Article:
Interstitial Cystitis (cont.)
Drugs should be considered after conservative measures have failed to provide substantial improvement in symptoms.
- Sodium pentosan polysulfate (Elmiron) is the only oral drug approved by the U.S. Food and Drug Administration (FDA) for the treatment of people with IC. Its mode of action is not entirely understood, but it may act as an antiinflammatory agent. Because it is structurally similar to naturally occurring glucosaminoglycans, it is believed to restore the protective layer on the bladder epithelium. Sodium pentosan polysulfate also has some anticoagulant action, and caution should be used when other anticoagulants are given. The dosage is 100 mg orally three times a day. Clinical studies suggest that maximal effects are not observed until the drug has been taken for at least five to six months. Side effects of sodium pentosan polysulfate include headache, rash, dizziness, diarrhea, dyspepsia, abdominal pain, hair loss (which is reversible), and liver function abnormalities.
- Tricyclic antidepressants (amitriptyline [Elavil, 25-75 mg at bedtime], doxepin [Adapin, Sinequan, 75 mg at bedtime], and imipramine [Tofranil, 25 mg three times a day]) are used in people with IC for their pain-relieving effects. They alleviate both the pain and frequency of IC and also help deal with the psychological stress associated with a chronically painful condition. They also cause drowsiness and deepen REM sleep, which helps in decreasing nocturia.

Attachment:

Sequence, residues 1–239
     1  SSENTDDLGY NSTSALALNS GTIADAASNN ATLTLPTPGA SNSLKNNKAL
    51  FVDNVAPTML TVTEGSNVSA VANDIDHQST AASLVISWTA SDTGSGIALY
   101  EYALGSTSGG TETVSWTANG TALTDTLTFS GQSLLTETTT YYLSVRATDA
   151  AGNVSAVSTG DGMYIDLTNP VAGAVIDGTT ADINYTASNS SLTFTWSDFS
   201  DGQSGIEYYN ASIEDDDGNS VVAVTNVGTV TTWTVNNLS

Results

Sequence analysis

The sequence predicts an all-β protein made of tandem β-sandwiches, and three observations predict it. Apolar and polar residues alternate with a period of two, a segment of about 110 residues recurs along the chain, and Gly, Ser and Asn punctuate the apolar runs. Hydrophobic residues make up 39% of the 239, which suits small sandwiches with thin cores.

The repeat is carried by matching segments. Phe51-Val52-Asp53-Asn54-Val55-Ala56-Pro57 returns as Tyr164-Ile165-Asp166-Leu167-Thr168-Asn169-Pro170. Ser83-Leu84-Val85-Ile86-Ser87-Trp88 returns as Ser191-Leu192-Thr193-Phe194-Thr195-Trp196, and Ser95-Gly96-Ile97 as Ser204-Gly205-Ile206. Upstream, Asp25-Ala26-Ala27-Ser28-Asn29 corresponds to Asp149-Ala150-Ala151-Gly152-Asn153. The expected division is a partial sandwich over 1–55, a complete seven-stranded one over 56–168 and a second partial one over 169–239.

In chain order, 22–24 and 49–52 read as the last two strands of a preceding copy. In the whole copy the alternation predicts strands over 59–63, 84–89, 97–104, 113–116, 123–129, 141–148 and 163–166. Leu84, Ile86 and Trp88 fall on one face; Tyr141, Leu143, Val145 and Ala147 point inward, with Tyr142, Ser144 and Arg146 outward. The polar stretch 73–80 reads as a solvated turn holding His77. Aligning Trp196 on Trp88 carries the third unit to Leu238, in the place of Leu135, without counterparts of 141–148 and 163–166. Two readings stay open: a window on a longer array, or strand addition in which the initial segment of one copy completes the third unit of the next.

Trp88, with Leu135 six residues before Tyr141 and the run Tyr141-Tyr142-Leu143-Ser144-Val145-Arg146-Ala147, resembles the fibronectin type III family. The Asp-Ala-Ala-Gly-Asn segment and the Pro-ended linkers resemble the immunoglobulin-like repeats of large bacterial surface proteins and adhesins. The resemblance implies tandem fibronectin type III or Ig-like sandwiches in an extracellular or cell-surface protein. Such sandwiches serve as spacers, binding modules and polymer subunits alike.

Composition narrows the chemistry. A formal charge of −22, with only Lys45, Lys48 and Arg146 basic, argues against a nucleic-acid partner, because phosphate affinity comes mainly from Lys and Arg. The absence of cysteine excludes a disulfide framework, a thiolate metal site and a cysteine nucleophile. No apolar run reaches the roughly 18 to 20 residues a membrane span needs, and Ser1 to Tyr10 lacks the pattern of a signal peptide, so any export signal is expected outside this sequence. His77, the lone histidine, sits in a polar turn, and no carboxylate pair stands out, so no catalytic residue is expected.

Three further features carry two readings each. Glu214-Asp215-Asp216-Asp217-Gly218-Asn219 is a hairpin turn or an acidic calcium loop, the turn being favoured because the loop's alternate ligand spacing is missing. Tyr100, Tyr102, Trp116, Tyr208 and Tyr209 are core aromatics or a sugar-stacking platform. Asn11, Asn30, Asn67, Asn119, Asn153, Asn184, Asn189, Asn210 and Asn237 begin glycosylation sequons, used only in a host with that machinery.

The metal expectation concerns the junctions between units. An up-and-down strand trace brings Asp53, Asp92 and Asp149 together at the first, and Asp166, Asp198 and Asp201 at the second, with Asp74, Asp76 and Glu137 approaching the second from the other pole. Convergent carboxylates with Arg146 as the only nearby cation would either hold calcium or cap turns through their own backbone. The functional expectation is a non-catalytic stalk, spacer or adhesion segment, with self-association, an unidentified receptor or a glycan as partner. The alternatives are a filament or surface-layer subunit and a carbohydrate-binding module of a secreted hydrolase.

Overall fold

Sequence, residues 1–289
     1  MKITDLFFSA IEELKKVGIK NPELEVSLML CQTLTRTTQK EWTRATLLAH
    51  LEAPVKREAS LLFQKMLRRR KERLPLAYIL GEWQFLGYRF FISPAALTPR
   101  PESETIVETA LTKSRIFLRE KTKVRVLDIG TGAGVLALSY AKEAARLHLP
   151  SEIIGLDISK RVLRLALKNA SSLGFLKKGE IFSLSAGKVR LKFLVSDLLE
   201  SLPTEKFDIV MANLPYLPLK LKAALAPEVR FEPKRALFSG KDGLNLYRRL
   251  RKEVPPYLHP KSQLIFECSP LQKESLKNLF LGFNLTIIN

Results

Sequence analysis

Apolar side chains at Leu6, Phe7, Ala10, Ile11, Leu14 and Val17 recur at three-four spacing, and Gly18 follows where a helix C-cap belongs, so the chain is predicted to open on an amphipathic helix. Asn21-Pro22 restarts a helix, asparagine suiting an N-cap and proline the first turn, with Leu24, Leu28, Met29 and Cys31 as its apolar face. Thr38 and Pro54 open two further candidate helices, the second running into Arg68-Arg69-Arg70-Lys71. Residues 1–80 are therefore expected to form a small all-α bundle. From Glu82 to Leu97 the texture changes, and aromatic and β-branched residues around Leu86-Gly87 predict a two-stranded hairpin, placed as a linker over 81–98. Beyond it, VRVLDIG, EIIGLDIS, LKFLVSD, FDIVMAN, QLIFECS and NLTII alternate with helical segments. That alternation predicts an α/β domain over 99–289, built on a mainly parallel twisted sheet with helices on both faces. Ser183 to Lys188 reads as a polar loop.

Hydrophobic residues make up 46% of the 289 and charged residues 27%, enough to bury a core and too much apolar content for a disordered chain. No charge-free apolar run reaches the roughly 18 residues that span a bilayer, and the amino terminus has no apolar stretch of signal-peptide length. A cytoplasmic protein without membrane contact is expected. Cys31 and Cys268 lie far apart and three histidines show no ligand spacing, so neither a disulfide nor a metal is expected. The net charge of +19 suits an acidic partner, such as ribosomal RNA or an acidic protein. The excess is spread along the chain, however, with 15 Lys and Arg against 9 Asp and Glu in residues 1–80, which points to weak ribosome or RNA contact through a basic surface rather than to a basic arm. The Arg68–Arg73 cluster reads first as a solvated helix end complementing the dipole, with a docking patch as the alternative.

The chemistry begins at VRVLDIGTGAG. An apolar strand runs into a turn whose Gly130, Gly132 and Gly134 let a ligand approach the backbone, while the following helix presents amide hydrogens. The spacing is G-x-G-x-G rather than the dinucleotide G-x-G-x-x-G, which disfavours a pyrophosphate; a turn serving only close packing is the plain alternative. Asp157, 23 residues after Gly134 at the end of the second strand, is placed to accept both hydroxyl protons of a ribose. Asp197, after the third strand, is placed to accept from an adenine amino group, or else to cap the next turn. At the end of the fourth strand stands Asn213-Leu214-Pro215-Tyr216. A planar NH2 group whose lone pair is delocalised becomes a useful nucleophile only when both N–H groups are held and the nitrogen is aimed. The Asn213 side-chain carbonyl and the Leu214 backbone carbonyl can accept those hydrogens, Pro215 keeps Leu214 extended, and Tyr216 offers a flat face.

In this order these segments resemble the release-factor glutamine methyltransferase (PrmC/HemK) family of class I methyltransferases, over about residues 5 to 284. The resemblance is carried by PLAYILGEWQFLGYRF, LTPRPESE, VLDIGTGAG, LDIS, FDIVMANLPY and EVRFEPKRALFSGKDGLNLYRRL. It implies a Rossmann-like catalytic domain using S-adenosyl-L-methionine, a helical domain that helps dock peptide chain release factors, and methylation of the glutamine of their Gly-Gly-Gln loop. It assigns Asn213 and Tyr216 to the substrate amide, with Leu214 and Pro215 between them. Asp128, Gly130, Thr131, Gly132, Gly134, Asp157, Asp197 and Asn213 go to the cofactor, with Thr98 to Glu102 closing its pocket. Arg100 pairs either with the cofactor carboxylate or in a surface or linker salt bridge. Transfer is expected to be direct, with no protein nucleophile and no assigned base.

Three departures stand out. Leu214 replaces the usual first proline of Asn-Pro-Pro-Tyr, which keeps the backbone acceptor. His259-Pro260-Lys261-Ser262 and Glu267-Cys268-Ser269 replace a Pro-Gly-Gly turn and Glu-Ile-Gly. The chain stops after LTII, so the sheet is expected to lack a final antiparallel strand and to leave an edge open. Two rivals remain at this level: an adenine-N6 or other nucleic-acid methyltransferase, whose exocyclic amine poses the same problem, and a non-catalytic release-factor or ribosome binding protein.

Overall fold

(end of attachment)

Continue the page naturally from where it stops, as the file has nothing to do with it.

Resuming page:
- Antihistamines can be helpful in treating IC. Hydroxyzine (Atarax, Vistaril, 25-75 mg at bedtime) and cimetidine (Tagamet, 300 mg twice daily) are the only antihistaminics that have been specifically used for the treatment of people with IC. The main side effect of hydroxyzine is sedation, which is actually a benefit because it helps the person with IC to sleep better at night and get up to urinate less frequently.
- Anticholinergics and antimuscarinics are the mainstay therapy for overactive bladder, urgency, and urge incontinence. They have a central role in IC. Tolteradine (Detrol), oxybutynin (Ditropan), and others are used extensively with good results and few side effects. High doses may be required, and combination therapy may be effective.
Bladder Drug Instillation (Bladder Wash)
- Dimethyl sulfoxide (DMSO, Rimso-50) is the only drug approved by the FDA for use in bladder instillation. Using a catheter, the bladder is filled with DMSO, which is retained in the bladder for 15-20 minutes before being emptied. The technique does not require anesthesia, hospitalization, or the use of an operating room. This treatment is given every week or two weeks for six to eight weeks. DMSO is believed to work as an antiinflammatory agent and therefore reduces pain. It may also prevent contractions that cause pain, frequency, and urgency. By the end of the sessions, complete relief of symptoms is often obtained.
If symptoms recur, more treatments can be given. People who are willing to catheterize themselves may be able to self-administer treatments at home. Side effects include a garlic-like body odor in some people. For some people, DMSO instillations can be painful. This can often be relieved by first instilling a local anesthetic into the bladder through a catheter or by mixing the local anesthetic with DMSO. Some clinicians substitute intravesical (instilled in the bladder) heparin for DMSO. Other agents can be added to DMSO making an IC "cocktail." These include corticosteroids, heparin, normal saline> (sodium chloride solution), and lidocaine.
George Lazarou, MD, FACOG
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